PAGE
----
On the dusty shelves of my school library a plastic-wrapped edition of Italo Calvino’s Invisible Cities sat unthumbed. I checked it out to the kindly librarian’s astonishment, having worked my way through the usual suspects: Ian McEwan’s Amsterdam, Eliot’s Middlemarch and Flaubert’s Madame Bovary. Fast forward 20 years to Florence and eccomi eating at an upscale restaurant named after one of the characters crafted by the Cuba-born Italian writer.
Gurdulù is a glamorous restaurant with gourmet aspirations in the Oltrarno’s via delle Caldaie, a few turns from piazza Santo Spirito. Gurdulù, in Calvino’s The Nonexistent Knight, is an instinctive type, a vagabond who loves to wander—surely the best approach to exploring the maze-like backstreets on Florence’s South Side. Those who dine at Gurdulù are adventurers too, of the culinary ilk, although they are likely to have done their research and booked a table.
Glitzy as any high-end establishment in any cosmopolitan city, the bottle-lined bar, sectioned by liquor type, summons you straight over to the full-length counter. Fresh from six years in New York, the energetic new bar lady Cristina Bini shakes and stirs striking aperitifs and after-dinners, as well as food-flexible cocktail pairings. Santo Spirito sees Tuscan Sabatini Gin stirred over ice and strained into a weighty goblet with an oak chip infused with pink grapefruit essence, while Bini’s signature drinks include Bloody Moon (vodka, tomato juice, Worcestershire sauce, Tabasco, salt, pepper, whole-grain mustard and vegetable broth) and Do you remember last night? (quinine elixir, pisco, rosemary and tonic water). A word to the wines: while Tuscan producers are present on the list, Gurdulù proffers opportunities to taste niche Burgundy labels—the Jérome Chezeaux Bourgogne Blanc 2014 is a steal at 36 euro. (Check out the restaurant’s Facebook page to find out more about their wine dinner series. This month’s featured agronomist Federico Staderini of Podere Santa Felicita, in Casentino.)
Glass in hand, dinner is served. (If you can, nab the long, lacquered table with the Hopperesque backlit view into the kitchen.) Chef Gabriele Andreoni, formerly Il Santo Graal and Villa Cora, is a culinary Calvino, playing out a game between himself and the diner, or himself and a concept. The revelries begin with Scampi, verbena, black salsify and bottarga (18 euro), a delicately flavoured starter that set the tastebuds dancing, served with a soul-soothing scampi consommé on the side in an espresso cup. Next up is a pretty dish of ricotta gnocchi, anchovies and beetroot pearls (16 euro), as Instagrammable as it is delicious, although the gnocchi were a touch too gelatinous.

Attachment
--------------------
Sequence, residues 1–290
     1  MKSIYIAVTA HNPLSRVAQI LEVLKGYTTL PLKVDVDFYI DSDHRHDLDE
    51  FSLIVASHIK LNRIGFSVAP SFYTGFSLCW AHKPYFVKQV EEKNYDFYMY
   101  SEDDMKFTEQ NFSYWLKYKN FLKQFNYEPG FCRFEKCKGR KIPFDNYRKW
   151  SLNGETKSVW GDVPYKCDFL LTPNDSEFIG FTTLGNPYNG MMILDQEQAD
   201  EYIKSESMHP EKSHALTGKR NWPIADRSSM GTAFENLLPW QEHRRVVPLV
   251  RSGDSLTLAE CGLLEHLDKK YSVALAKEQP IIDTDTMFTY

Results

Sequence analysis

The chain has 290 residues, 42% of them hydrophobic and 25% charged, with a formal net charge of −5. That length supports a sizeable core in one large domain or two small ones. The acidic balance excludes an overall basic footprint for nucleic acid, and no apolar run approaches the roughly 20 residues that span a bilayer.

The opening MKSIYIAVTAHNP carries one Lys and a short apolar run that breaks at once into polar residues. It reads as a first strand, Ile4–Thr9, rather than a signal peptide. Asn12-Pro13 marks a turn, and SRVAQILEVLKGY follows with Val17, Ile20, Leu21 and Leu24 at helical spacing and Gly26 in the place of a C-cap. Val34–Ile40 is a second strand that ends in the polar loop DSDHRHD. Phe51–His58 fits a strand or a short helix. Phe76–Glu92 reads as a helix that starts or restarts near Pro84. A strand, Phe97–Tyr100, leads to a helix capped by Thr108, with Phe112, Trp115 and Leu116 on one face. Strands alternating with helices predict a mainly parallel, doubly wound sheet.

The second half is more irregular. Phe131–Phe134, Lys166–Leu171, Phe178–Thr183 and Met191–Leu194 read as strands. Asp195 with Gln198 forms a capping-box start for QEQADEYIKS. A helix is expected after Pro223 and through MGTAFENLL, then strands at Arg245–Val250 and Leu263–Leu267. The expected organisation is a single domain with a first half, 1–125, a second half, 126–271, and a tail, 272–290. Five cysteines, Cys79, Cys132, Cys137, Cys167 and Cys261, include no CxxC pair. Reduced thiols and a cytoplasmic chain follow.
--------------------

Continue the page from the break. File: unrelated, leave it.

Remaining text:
Rigatoni, poppa, pepper and lime (16 euro) is the chef’s signature dish. Is there any other top-end restaurant in Florence daring enough to serve poppa? Lampredotto is ubiquitous, as a gourmet panino or reworked as a raviolo, but cow breast, with its lingering milkiness, is nowhere to be found. Andreoni has put one of the city’s oldest street foods back on the Florentine food scene: “I wanted to do a dish with poppa. I cooked and chopped it, and its milkiness made me think of cacio e pepe, the traditional Roman cheese and pepper pasta dish.” Lime is the perfect play off: moving the flavor away from maternity and into modernity.
In a city that often disappoints on the dessert front, a shoutout must go to Californian pastry chef Christine Palmer for the perfect dolce that silenced and delighted the table. Caramelized banana, peanuts, milk chocolate and passionfruit (10 euro): need anything else be said?
By the way, I didn’t much care for Invisible Cities. A “moveable feast”, down an Oltrarno backstreet, is far more up my alley, it turns out.
Via delle Caldaie 12R, Florence
+39 055 282223
A la carte menu 40-45 euro, drinks not included; 4-course tasting menu 55 euro, drinks not included; 6-course tasting menu 70 euro, drinks not included
Helen Farrell was a guest of Gurdulù during the autumn menu press dinner.